“Why on earth is all this called ‘Eat Like a Bear!‘?” I’m glad you asked. You might be surprised that you are not the first to do so. 🙂 As I finished up the book Half My Size with The Ridiculously Big Salad, I took a day or so to write out our community’s origin story, as I see it. The story below is excerpted from the book.
The context of all of this if you’ve just stumbled in here with no background is that we’ve got a growing, highly successful weight loss community filled with just about the least likely collection of success cases you might imagine: older women who have always been overweight. I’m still stunned that I am “half my size” (140 from 280) and in maintenance for two years, much less leading a community of people doing the same thing, all behind a simple food approach that is actually saving us money. Who knew. It only took decades and a whole lot of desperation to get to this place.
Eat Like a Bear Origin, Excerpted from “Half My Size with The Ridiculously Big Salad”
For decades (and even today), had you asked me my opinion of the weight loss industry, I would have told you that if you want to wallow in a cesspool of mediocrity, the weight loss industry would be a great place to do just that. For an industry that peddles products that only half work, taking advantage of people at some of the lowest points in their lives, “mediocrity” is a kind word. The weight loss industry is one I have never wanted to be associated with. That said, I am highly aware of the irony of this book and of the weight loss community I founded on Facebook in July 2018, Eat Like a Bear!
Indeed, starting the Eat Like a Bear! community may be the strangest and most unexpected thing I have ever done. Had I any notion of what was brewing, I would have a slew of “before” pictures, “during” pictures, DEXA scans, blood work, and every other relevant artifact. As it was, I was positioned to have bariatric surgery with no hope or expectations whatsoever that I might end up trimmer than I have ever been, leading a growing community, composed primarily of older women.
I founded the group on July 9, 2018, but through the spring and summer of 2018 I was highly focused on another pursuit. As spring of 2018 came, and I was down 100 pounds, I got out and hiked and foraged in my home in California’s Giant Sequoia National Monument. With my new energy and focus, I began a YouTube channel on herbs and foraging and was ready to build a digital foraging empire. Clearly, it would be difficult to be more awesome than when you are foraging in the forest around you, and I was ready to do just that. Those initial videos were fairly bad, but I was gearing up to launch a series in the summer, far better-produced, with great stories. In the meantime, I had some weight loss videos on YouTube for friends and family, more for convenience purposes, on a tiny new channel with no subscribers and no plan. More notably, I posted a few videos on Facebook, including a video called “Eat Like a Bear.”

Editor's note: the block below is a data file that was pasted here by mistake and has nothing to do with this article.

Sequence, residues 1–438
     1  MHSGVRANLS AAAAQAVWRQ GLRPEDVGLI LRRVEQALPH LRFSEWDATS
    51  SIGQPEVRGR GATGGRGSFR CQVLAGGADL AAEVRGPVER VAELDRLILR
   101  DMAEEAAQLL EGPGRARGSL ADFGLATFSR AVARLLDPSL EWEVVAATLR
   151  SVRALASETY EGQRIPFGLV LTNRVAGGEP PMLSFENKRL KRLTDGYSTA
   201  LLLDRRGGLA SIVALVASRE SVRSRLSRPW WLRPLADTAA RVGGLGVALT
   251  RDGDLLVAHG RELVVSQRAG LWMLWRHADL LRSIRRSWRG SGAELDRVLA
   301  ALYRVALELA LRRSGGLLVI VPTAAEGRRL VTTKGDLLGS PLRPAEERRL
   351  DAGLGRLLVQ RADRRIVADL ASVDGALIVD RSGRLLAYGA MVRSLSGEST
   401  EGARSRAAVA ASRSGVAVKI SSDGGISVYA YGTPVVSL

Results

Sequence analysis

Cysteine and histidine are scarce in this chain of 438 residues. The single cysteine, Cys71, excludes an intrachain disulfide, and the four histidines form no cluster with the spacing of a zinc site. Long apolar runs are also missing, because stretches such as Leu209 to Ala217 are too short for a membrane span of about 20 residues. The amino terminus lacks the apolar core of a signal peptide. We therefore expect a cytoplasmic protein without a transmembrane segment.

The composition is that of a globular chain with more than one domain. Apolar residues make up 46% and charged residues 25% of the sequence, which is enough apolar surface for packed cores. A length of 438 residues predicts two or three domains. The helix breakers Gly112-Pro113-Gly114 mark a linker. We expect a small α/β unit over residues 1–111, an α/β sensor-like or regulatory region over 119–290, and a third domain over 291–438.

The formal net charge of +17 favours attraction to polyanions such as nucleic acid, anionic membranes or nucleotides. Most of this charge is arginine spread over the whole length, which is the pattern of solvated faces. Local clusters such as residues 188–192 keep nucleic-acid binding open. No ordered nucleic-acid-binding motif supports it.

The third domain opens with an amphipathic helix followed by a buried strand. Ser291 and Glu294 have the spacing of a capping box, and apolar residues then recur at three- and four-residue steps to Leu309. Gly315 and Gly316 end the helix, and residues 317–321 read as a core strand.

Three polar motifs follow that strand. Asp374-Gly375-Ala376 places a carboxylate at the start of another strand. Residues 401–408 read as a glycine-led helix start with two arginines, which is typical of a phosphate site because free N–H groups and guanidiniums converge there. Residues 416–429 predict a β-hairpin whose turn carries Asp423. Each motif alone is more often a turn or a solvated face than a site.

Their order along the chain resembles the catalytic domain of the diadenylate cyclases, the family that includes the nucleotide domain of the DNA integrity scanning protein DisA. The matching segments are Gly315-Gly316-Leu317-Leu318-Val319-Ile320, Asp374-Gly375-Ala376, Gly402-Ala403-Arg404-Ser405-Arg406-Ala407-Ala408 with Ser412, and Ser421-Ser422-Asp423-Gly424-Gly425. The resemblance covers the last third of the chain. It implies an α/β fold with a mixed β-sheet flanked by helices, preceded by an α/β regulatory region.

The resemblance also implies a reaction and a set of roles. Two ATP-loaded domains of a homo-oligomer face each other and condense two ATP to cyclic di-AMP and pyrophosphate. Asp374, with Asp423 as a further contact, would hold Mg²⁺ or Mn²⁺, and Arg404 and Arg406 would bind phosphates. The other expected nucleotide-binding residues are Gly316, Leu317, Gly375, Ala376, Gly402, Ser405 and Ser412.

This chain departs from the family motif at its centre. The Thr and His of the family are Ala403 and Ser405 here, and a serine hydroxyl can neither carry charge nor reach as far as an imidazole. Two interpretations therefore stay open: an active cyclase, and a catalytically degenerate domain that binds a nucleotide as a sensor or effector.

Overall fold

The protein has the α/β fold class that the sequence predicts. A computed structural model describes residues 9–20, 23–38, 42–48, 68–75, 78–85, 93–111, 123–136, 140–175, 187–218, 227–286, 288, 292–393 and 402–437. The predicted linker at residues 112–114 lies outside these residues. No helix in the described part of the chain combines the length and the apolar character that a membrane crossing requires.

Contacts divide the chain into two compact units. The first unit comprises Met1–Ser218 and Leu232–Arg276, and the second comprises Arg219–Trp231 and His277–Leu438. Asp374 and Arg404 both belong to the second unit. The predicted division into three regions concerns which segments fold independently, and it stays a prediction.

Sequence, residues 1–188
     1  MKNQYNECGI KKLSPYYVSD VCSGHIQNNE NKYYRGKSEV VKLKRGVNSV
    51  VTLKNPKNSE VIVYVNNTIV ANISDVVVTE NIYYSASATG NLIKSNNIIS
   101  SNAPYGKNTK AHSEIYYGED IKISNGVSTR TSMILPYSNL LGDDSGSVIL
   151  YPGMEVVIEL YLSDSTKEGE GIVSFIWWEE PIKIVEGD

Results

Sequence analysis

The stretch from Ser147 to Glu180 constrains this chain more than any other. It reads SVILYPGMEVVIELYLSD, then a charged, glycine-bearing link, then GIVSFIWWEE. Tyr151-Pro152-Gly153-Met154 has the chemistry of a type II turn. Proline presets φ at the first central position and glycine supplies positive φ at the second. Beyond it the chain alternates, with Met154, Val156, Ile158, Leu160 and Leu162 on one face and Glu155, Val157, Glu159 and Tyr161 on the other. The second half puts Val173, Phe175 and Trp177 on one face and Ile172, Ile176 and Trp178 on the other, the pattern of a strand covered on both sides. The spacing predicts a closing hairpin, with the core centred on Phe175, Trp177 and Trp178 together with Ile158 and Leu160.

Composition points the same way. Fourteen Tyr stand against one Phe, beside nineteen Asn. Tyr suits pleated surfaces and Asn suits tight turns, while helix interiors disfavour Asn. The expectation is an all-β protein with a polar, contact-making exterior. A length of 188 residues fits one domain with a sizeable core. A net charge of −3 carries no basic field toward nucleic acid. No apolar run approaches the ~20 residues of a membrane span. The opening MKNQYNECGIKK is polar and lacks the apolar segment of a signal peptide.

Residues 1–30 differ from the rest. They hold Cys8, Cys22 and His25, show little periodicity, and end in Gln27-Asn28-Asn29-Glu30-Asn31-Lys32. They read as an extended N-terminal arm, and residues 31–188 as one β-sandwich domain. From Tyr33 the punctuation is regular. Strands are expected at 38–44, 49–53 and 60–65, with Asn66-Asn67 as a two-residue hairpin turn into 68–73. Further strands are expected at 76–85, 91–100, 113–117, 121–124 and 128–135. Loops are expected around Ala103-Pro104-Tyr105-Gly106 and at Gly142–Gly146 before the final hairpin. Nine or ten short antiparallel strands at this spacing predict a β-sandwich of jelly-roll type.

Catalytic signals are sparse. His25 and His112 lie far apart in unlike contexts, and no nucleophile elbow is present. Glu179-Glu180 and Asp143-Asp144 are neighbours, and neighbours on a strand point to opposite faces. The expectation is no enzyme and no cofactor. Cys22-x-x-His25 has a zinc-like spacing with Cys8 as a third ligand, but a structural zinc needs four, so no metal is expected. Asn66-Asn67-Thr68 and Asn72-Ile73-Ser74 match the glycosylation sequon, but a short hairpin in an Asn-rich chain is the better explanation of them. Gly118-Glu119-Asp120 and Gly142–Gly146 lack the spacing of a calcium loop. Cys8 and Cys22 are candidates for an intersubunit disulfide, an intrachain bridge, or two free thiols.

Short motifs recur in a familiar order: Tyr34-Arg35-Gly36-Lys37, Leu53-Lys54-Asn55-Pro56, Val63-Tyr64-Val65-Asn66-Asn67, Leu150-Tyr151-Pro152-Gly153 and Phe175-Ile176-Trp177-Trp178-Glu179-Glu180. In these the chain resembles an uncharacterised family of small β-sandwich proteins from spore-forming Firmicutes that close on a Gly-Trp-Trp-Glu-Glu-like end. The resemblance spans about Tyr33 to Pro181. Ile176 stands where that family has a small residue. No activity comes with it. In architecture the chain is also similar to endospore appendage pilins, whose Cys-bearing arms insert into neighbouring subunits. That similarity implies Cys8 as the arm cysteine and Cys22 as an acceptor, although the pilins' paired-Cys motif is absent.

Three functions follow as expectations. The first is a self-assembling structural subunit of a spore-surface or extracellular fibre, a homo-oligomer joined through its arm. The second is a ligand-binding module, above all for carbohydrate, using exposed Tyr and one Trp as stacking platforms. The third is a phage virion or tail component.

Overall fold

The “Eat Like a Bear” video responded to an ongoing reaction to my one-meal-a-day diet: “You’re starving yourself!” I pointed out that bears purposefully get fat in order to starve off their fat in hibernation. Not eating for 23 hours in a day is not close to record-setting in the animal world, and it certainly is not “starving,” especially when the one meal has north of 1,000 calories, well above the bariatric model of eating. If what I did was “starve myself,” I should have starved myself far sooner.
I published the “Eat Like a Bear” video on May 9, 2018 and continued to build my foraging empire. I got burned out, took off on a big road trip to the Pacific Northwest, and then got refocused on my foraging video goal at the big annual video conference, VidCon. I returned home from VidCon on June 23, ready to launch the new foraging series. I went on hikes and shot some footage in late June and early July. However, I noticed something extraordinary on the morning of July 6 as I was cooking my meal: My satellite Internet service had enough speed for a live video for the first time. I quickly jumped on Facebook live with a “What I am eating” video. Two ladies who had seen my videos in the spring reported that they had lost 30 and 40 pounds (14 and 18 kg). One said, “You were my inspiration. Nothing else worked until you!” The other offered, “I was inspired by your journey. I started on May 18th and I’ve lost 42 lbs [19 kg].” Their comments took me back. Friends and family members were having great success with my approach, but now two people following me on the Internet were reporting the same. I was aware that I was having a small impact, but I certainly never intended for it to become my full-time focus. I was busy foraging, after all.
By late afternoon on the same day, I was driving on our rural mountain road and slowed down for four millennial hikers who looked lost and completely out of common sense, walking down the center of the road. I rolled the window down and asked if they needed help. “We are looking for the best sunset view!” We chatted a bit, and I took in their positive, happy-go-lucky energy and offered a variation of my favorite line: “Would you like to see the sun set from a historic brothel?” (Yes, my house was a brothel in the 1920s, and it is a line I use shamelessly for notoriety among the right demographic, and surely hipster millennials fit the bill.)
We hung out that Friday evening and then again on Sunday. All the while Friday’s live video experience and the two ladies who lost weight swirled in my mind, causing me great angst as I tried to stay focused on my foraging video plan. By Sunday, with my newfound friends, little tidbits had crept into our conversations about video making, including my recent trip to VidCon. I realize now they must have been perplexed: “Who is this middle-aged woman in this historic brothel in the middle of a forest who just went to VidCon?” What I did not know about them is that they were in the entertainment and video industry, and two had sizable platforms on Instagram. It was a highly unlikely encounter here, in the middle of absolutely nowhere, on July 6, 2018. By noon on Sunday, one asked me directly, “What do you do?” I took a breath, felt all of that swirling inside, and blurted out, “I don’t know what I am doing with my life!” I explained my weight loss, my foraging-empire-to-be, and my shock over actually providing leadership on the most ridiculous topic of weight loss, shaking my head and ending again with “I just don’t know what to do!” Four jaws dropped in unison, and one of the ladies looked directly into my eyes and said with all certainty, “You have to do this!!!”